Companies have various ways to embed digital insurance options, most via partnerships with fintech companies. These fintech companies build insurance options into the checkout flow, enabling consumers to choose insurance as an ‘add-on’ to their purchase.

There are three common types of embedded insurance:

  • Singular policy: Companies (for example Boost and Bsurance) underwrite the insurance policies themselves and then integrate them into purchase flows.

  • Multiple policies: An ‘agency’ approach where companies integrate multiple insurance options into the checkout flow. Examples include Matic and Branch.

  • Extended warranties: Companies like Clyde and Extend offer extended warranties in ecommerce checkout flows, typically under a single policy option.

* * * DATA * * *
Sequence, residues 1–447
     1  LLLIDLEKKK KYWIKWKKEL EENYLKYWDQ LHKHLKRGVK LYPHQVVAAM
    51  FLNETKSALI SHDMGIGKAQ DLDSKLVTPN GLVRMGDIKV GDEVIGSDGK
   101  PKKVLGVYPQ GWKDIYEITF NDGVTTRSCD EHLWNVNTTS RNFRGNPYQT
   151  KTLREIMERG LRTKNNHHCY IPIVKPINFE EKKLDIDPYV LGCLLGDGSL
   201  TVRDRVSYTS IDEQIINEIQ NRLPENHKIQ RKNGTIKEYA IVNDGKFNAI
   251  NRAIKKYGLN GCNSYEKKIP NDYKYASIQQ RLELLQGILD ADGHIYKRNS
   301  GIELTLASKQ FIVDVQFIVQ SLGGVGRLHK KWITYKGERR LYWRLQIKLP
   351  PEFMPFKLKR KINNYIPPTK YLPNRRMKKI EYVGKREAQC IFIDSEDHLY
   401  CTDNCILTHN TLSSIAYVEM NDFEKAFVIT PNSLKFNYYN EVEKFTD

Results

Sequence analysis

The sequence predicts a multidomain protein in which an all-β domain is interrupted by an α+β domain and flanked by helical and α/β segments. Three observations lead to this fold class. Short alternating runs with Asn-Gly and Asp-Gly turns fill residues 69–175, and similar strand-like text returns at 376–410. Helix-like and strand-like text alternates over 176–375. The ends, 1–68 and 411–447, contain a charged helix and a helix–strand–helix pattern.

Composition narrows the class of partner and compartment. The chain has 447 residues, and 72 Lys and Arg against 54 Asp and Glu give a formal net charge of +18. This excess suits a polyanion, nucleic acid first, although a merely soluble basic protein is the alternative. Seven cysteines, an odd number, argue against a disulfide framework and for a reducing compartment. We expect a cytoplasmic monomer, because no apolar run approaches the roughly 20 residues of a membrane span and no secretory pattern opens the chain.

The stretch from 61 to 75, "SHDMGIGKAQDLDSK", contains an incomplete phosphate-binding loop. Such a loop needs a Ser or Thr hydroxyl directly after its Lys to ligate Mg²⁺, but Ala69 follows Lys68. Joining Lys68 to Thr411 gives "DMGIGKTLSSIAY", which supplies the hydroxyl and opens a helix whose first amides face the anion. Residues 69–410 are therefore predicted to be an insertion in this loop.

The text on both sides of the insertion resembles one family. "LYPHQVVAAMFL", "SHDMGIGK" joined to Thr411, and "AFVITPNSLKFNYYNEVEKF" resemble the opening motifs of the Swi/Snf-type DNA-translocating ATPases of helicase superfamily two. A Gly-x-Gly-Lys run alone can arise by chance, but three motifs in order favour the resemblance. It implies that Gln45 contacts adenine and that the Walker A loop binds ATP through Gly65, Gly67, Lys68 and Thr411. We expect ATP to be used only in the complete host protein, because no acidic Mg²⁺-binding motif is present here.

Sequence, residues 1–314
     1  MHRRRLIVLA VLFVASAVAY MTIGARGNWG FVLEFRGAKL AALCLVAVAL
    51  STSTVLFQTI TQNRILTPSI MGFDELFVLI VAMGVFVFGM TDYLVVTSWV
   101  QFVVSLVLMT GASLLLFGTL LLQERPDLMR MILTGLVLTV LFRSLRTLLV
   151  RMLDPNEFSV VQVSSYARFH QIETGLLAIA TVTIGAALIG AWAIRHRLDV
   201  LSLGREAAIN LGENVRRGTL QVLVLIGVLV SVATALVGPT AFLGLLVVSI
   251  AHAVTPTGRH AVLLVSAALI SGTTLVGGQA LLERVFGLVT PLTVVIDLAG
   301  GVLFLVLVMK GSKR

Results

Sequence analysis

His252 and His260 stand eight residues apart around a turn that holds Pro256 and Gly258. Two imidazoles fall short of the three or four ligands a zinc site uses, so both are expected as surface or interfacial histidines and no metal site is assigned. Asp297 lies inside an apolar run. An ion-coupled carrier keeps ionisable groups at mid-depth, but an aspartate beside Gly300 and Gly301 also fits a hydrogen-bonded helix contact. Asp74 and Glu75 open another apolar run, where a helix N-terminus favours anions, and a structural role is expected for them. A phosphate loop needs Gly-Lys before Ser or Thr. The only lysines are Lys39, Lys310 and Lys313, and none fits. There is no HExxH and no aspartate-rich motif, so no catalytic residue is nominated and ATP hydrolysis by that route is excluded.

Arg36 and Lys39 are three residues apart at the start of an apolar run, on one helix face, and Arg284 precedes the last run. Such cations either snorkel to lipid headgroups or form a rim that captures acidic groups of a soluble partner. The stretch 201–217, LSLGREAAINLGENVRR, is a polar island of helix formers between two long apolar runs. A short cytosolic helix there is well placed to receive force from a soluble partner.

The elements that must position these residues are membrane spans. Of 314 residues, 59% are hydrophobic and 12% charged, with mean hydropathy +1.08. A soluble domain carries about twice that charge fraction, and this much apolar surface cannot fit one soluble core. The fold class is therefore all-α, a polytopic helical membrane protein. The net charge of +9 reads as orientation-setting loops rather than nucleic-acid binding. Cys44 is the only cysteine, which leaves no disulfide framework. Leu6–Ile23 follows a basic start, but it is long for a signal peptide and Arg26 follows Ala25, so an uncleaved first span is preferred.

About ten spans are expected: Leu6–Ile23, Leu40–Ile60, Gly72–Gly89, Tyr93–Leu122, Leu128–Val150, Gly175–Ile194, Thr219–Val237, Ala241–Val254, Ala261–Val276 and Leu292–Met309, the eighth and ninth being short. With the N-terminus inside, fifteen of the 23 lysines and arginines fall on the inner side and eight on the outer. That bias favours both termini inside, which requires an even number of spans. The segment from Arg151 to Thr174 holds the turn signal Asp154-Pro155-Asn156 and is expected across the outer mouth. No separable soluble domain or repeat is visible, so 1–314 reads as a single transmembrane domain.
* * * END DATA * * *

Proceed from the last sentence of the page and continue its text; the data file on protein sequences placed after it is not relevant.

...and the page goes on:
7. Embedded fintech 

While most embedded finance refers to embedding financial services into non-financial business processes, embedded fintech integrates fintech solutions into a financial institution's website, app, or other business processes. For example, a bank might also offer to help consumers get rid of unused subscription services or invest in cryptocurrency right in their banking app—rather than downloading a new app or signing up for a new service. 

Embedded fintech provides a way for financial institutions to offer a wider range of services, engage their customers, and deliver more value. Historically, if a bank wanted to offer a new product, say a new type of investment or a different type of loan, they would need to spend months, if not years, developing, building, and launching a new product. With the rise of embedded fintech, they can embed these offerings in their current products. This lowers the economic risks and allows traditionally slow-moving banking companies to become more nimble and adjust to changing customer needs.